The 20th century saw a resurgence of interest in tarot reading, particularly in the United States and Europe. This renewed interest was largely driven by the rise of the New Age movement, which saw the tarot as a tool for spiritual growth and self-discovery.
During this time, many new tarot decks were created, each with its own unique artwork and symbolism. Some of the most popular decks from this era include the Thoth deck, the Crowley-Harris deck, and the Osho Zen deck.
The Thoth Deck
One of the most influential tarot decks from the 20th century is the Thoth deck, which was created by occultist Aleister Crowley and artist Lady Frieda Harris. The deck was first published in 1944 and features intricate and highly detailed images that draw on a variety of esoteric traditions.
The Thoth deck is notable for its use of astrological and kabbalistic symbolism, as well as its incorporation of Crowley’s own philosophical and spiritual teachings. The deck’s images are rich in symbolism and can be interpreted in a variety of ways, making it a favorite of experienced tarot readers.
The Crowley-Harris Deck
Another influential tarot deck from the 20th century is the Crowley-Harris deck, also known as the Book of Thoth deck. This deck was created by Crowley and Harris in the 1930s, but was not published until after Crowley’s death in 1947.
Like the Thoth deck, the Crowley-Harris deck draws on a variety of esoteric traditions and features intricate and highly detailed images. However, the deck is perhaps best known for its use of color symbolism, with each card incorporating a unique color scheme that is designed to enhance its meaning and significance.
The Osho Zen Deck
In the 1980s, a new type of tarot deck emerged that sought to break away from the traditional imagery and symbolism of earlier decks. One of the most popular of these new decks is the Osho Zen deck, which was created by artist Ma Deva Padma and draws on the teachings of the Indian mystic Osho.
The Osho Zen deck features abstract and minimalist images that are designed to stimulate intuition and creativity. The deck’s images are often playful and unconventional, and can be interpreted in a variety of ways. The deck has gained a following among those who prefer a more intuitive and free-form approach to tarot reading.
Tarot and Psychology
In addition to its use as a tool for spiritual growth and self-discovery, tarot reading also began to be used in the 20th century as a tool for psychological exploration and therapy. This approach, known as “tarot psychology,” uses the images and symbolism of the tarot to explore and understand the inner workings of the psyche.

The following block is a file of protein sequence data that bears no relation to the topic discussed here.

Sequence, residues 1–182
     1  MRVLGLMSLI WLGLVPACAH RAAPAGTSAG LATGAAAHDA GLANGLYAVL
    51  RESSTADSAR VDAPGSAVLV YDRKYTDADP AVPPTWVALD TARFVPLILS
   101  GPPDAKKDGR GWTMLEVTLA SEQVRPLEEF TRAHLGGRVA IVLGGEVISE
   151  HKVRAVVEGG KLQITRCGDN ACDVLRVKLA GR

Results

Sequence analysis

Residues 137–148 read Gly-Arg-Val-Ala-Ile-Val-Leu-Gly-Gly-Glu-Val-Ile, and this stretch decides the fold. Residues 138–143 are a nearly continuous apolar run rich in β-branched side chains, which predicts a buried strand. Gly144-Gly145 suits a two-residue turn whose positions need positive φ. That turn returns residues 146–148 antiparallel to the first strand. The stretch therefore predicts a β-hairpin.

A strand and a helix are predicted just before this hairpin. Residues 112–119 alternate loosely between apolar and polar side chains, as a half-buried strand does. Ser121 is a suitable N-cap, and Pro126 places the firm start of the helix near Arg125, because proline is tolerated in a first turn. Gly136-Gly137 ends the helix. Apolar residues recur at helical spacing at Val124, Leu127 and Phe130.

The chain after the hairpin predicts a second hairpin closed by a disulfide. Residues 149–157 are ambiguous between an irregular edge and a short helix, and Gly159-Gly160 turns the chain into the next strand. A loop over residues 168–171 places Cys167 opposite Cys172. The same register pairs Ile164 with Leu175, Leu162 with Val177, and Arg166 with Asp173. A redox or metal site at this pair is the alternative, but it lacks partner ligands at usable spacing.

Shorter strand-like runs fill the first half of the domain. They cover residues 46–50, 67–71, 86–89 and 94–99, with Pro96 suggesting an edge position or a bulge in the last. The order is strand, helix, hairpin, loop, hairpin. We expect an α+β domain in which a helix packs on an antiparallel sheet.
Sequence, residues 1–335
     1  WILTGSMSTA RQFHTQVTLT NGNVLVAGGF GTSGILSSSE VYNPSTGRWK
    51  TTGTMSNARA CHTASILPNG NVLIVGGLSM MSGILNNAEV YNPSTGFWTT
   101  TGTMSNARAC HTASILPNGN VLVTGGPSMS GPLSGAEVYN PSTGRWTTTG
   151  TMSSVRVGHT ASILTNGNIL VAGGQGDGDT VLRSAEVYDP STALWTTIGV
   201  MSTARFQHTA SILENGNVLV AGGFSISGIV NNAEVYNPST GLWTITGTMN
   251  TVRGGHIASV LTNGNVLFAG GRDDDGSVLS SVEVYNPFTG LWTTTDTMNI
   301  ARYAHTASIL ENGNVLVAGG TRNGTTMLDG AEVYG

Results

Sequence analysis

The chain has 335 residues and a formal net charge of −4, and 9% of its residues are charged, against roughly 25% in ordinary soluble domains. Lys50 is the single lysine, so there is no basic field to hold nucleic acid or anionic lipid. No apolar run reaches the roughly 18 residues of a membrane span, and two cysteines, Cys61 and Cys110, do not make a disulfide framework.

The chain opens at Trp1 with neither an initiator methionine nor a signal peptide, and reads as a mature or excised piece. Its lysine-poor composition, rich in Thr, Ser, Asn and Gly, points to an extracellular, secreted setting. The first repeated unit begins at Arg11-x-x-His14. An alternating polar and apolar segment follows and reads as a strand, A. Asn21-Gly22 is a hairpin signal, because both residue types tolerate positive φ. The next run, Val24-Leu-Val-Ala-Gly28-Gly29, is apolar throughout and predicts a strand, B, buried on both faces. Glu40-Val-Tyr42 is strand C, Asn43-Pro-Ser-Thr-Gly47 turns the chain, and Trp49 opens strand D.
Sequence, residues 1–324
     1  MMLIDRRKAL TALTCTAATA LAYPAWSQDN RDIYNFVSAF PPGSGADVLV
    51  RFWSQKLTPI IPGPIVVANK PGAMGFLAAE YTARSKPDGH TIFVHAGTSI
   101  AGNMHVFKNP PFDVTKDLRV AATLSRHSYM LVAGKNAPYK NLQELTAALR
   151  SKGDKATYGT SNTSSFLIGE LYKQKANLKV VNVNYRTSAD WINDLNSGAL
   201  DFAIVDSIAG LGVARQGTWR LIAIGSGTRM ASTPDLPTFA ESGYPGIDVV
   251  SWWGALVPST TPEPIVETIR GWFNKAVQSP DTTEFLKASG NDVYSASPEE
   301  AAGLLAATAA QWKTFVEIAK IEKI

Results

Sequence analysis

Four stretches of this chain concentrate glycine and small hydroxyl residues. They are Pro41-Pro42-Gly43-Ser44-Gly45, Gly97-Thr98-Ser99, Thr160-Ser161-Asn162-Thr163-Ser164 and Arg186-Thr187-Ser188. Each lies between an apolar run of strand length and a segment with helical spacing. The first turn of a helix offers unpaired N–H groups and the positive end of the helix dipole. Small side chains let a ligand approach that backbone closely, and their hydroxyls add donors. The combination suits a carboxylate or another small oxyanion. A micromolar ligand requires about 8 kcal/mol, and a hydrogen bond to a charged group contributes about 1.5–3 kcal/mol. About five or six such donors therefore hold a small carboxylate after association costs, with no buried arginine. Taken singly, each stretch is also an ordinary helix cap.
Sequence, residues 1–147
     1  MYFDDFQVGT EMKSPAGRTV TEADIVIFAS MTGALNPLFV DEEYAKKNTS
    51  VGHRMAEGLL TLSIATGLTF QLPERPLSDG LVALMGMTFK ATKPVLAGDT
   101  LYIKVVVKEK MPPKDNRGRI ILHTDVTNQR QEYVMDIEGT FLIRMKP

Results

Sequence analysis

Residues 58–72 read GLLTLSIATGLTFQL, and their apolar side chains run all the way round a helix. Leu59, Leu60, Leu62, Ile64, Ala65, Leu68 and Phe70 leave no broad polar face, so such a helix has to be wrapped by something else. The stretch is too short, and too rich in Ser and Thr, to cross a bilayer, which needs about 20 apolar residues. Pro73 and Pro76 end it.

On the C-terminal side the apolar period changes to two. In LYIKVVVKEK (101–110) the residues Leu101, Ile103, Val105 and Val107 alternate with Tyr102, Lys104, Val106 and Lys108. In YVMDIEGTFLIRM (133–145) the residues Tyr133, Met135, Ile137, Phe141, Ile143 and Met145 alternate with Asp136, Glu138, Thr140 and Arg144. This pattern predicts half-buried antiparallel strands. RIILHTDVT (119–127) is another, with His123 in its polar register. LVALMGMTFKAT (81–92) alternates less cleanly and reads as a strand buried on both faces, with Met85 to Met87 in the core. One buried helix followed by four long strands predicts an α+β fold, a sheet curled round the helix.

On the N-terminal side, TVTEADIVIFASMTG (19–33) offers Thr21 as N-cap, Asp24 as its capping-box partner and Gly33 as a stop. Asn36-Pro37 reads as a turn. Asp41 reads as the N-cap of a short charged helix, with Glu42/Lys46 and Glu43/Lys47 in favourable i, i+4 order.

One of the pioneers of tarot psychology was Jungian analyst and tarot enthusiast Sallie Nichols, who published the influential book “Jung and the Tarot” in 1980. Nichols saw the tarot as a powerful tool for accessing the unconscious and exploring archetypal patterns and themes.
Since Nichols’ time, many other therapists and psychologists have incorporated tarot reading into their practice. Today, tarot psychology is a respected field of study that is used by practitioners around the world.
Tarot and Social Justice
In recent years, there has been a growing interest in using tarot reading as a tool for social justice and activism. Some practitioners use the cards to explore issues such as inequality, racism, and environmentalism, and to inspire action and change.
One example of this is the “Next World Tarot,” created by artist Cristy C. Road in 2017. The deck features diverse and inclusive imagery that reflects a wide range of social justice issues,
including police brutality, LGBTQ+ rights, and climate change. The deck is designed to inspire and empower marginalized communities to take action and create change.
Another example is the “Slow Holler Tarot,” which was created by a collective of queer and Southern artists in 2015. The deck features images that draw on Southern folklore and mythology, as well as queer and feminist themes. The collective behind the deck sees it as a tool for building community and fostering social change.
Tarot and Pop Culture
In addition to its use in spirituality, psychology, and social justice, tarot reading has also had a significant impact on popular culture in the 20th century. Tarot imagery and symbolism have been used in everything from album covers and music videos to films and television shows.
One of the most famous uses of tarot imagery in popular culture is the album cover for Led Zeppelin’s fourth album, which features an image of the “Hermit” card. The album is widely considered to be one of the greatest in rock history, and the use of the tarot card has become iconic.
Tarot imagery has also been used in numerous films and television shows. One of the most famous examples is the 1990 film “Wild at Heart,” which features a scene in which the character Lula (played by Laura Dern) receives a tarot reading. The scene is notable for its use of tarot imagery to convey a sense of foreboding and danger.
The 20th century saw a resurgence of interest in tarot reading, driven by the rise of the New Age movement and a growing interest in spirituality, psychology, and social justice. During this time, many new tarot decks were created, each with its own unique artwork and symbolism.
Tarot reading also began to be used as a tool for psychological exploration and therapy, and has since become a respected field of study. In addition, tarot reading has had a significant impact on popular culture, with its imagery and symbolism appearing in numerous films, television shows, and music albums.
Today, tarot reading remains a powerful and versatile tool for self-discovery, personal growth, and social change. As interest in spirituality, psychology, and social justice continues to grow, it is likely that the tarot will continue to play an important role in the 21st century and beyond.